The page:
Green Bay Packers OTAs – Good, Bad or Lombardi? All Green Bay Packers All the Time

So are OTAs (Organized Team Activities) really necessary? As we all know, Green Bay Packers bloggers have been known to argue just about any point. I was reminded of this fact today as I briefly checked into my twitter account. (I am trying to avoid twitter during the day so I can make it home and watch my “Tivoed” World Cup games without knowing the scores).

But I decided to take a chance today (no games I was THAT interested in today), and see what’s going on. Well, right off the bat, I run into, say, “a difference of opinion” between Packer blogger extraordinaires Brian Carriveau and Aaron Nagler.

Seems that Aaron is outright questioning the value of OTAs, and Brian felt the need to respond with reasons why he thinks they’re important. Here’s how the discussion went:

Aaron: I have come to the conclusion that OTAs are a total joke. I understand this is not a revolutionary thought. Carry on.
Brian: Give me a break.
Aaron: What is being accomplished? I would love to know.
Brian: Installs, improvements, schemes, reps, fixes, shall I go on.
Aaron: All of which could be done in training camp.
Midwestfan: Did they have/enforce these dumb OTA rules when Lombardi was coaching? I’m thinking, no.
Aaron: They didn’t have OTAs. For a reason.
Brian:  Strength & conditioning, camaraderie, technique, situational work, review from last season…more things accomplished in OTAs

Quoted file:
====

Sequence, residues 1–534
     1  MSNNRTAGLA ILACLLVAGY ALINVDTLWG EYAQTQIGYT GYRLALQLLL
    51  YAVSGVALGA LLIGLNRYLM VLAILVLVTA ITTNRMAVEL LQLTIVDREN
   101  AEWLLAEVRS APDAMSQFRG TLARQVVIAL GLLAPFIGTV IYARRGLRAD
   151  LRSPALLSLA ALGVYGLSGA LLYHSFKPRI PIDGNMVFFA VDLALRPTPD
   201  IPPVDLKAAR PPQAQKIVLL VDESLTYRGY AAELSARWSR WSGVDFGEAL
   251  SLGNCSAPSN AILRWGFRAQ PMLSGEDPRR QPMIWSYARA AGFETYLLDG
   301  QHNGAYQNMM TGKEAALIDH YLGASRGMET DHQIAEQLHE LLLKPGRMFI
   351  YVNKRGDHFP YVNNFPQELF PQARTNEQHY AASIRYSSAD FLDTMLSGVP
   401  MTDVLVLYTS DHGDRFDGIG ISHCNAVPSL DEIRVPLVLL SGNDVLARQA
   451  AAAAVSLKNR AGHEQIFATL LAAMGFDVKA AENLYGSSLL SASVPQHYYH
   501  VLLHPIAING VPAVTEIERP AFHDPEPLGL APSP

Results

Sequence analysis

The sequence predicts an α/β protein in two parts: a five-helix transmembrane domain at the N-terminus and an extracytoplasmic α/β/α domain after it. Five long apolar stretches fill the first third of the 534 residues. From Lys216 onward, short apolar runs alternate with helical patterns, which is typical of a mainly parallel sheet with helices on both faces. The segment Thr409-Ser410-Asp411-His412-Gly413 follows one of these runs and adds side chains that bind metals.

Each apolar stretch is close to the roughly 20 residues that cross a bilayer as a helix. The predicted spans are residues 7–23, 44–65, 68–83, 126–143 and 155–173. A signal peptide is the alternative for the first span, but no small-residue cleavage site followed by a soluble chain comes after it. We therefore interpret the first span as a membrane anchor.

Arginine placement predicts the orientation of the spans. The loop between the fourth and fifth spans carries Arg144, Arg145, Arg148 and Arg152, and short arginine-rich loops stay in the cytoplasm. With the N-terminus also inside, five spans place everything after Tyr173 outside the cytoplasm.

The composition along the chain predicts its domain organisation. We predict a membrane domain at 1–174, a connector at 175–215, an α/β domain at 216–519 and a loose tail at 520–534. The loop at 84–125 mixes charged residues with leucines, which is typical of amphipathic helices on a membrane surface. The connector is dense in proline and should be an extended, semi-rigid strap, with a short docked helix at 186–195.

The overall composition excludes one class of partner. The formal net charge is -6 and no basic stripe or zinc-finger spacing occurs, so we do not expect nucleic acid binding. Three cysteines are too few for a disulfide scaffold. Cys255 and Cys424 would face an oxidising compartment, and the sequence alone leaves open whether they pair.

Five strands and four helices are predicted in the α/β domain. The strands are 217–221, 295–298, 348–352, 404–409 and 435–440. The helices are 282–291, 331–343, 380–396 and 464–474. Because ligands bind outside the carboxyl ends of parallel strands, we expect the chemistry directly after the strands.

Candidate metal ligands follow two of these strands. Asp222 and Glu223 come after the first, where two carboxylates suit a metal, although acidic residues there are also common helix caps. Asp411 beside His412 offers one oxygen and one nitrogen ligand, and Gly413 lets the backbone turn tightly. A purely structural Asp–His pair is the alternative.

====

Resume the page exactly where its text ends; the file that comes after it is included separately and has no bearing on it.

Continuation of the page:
Aaron: # OTAs are a babysitting service.
Brian: This is the pros, not high school anymore. Install in spring & don’t have to in fall.
Aaron: Exactly. It’s called MiniCamp. 3 weeks of running around in shorts is absurd.
Brian: If you take the attitude it’s “running around,” yup, that’s what you’ll get out of it.
Aaron: Teams make it seem like they are splitting the atom – it’s football. You need Minicamp and training camp.
Brian: If I’m a player or a coach, I want to work for an organization that strives to get better every day. That’s OTAs.
Aaron:  If all those thing you list are so important, how do the Vikings have a ton of veterans skip OTAs, have their starting QB show up in late August and still get to the NFC Championship game? That’s impossible! OTAs are so important! (rolls eyes)